GRDC"s new schools award promotes better understanding of the industry
[Photo (left) by Brad Collis: The GRDC Eureka winners with GRDC chairman Terry Enright: from left Nicola Bell, Tess Dillon, Cassandra MacDonald and Thomas Christie. Sam Holland was unable to attend.]
To foster closer ties between regional towns and cities and their surrounding grains industries, the GRDC this year sponsored a new schools award as part of the prestigious Eureka Prizes for scientific and industrial achievement.
The $10,000 GRDC Eureka Schools Prize for Agricultural Journalism encouraged students to seek out challenges and opportunities in the grains industry to raise awareness of technological or social aspects of this farming sector.
GRDC"s executive manager for communication and customer services, Vic Dobos, says that encouraging senior high school students to investigate the grains industry is an important step towards the wider community"s better understanding of the modern industry.
The entries from across Australia revealed a high standard of writing and research capabilities, and the subjects chosen by students covered a range of community and technological issues.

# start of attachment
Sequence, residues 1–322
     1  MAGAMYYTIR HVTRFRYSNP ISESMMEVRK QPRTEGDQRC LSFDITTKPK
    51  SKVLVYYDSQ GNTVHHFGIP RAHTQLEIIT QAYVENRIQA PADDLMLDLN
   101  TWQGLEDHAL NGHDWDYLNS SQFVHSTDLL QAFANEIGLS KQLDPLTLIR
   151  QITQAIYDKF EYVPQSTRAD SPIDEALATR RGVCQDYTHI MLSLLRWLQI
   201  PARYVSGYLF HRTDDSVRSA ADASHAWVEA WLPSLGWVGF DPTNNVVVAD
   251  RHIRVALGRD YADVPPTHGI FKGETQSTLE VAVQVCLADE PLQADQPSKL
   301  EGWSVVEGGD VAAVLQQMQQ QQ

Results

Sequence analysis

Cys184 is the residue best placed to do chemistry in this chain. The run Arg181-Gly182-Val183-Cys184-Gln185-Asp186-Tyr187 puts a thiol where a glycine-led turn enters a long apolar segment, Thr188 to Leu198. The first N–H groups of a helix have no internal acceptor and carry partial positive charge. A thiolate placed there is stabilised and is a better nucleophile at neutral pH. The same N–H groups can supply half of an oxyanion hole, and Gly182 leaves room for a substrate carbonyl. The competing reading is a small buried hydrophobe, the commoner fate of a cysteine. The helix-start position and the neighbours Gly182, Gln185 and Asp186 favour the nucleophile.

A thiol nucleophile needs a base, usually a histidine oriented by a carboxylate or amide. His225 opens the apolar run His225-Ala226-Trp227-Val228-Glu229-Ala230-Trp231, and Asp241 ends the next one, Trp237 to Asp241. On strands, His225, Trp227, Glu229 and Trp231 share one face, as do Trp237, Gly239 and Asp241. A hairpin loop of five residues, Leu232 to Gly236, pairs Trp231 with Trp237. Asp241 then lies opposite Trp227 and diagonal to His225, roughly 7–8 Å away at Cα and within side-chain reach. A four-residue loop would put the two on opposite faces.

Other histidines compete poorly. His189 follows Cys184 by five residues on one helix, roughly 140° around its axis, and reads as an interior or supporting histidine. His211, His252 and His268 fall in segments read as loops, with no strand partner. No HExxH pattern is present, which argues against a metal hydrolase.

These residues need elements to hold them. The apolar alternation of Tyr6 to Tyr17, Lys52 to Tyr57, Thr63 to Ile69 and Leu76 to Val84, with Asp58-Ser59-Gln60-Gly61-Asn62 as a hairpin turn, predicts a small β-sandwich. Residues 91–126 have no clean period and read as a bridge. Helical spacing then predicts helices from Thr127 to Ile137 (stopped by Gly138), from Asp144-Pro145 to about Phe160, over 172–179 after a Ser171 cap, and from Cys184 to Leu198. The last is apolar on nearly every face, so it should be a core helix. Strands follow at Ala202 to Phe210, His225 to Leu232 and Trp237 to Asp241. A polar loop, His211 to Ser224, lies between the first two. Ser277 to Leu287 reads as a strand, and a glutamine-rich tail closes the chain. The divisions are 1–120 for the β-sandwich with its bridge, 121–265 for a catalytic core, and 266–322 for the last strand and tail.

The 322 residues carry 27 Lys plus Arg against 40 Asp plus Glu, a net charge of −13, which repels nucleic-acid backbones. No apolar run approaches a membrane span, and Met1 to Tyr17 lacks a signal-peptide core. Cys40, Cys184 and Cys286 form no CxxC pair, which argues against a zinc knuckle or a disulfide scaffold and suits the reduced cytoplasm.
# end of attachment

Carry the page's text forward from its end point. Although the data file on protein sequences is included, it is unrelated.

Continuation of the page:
The entries were judged according to the standards of objectivity, accuracy, writing and research. The winners, in order of placings, were:
Nicola Bell tackled the often fraught issue of farm succession, as seen and experienced by her generation. Cassandra MacDonald and Tess Dillon looked at the story behind a farm innovation, the Peterpoint T - a new tillage point that controls the amount of soil placed over the seed. Sam Holland reported on research into overcoming the problems of non-wetting soils, and Thomas Christie examined the outcomes of soil sampling by farmers in the Birchip Cropping Group.
All four finalists" articles will be published in Ground Cover, starting with first-prize winner Nicola Bell"s, Two sides of the fence.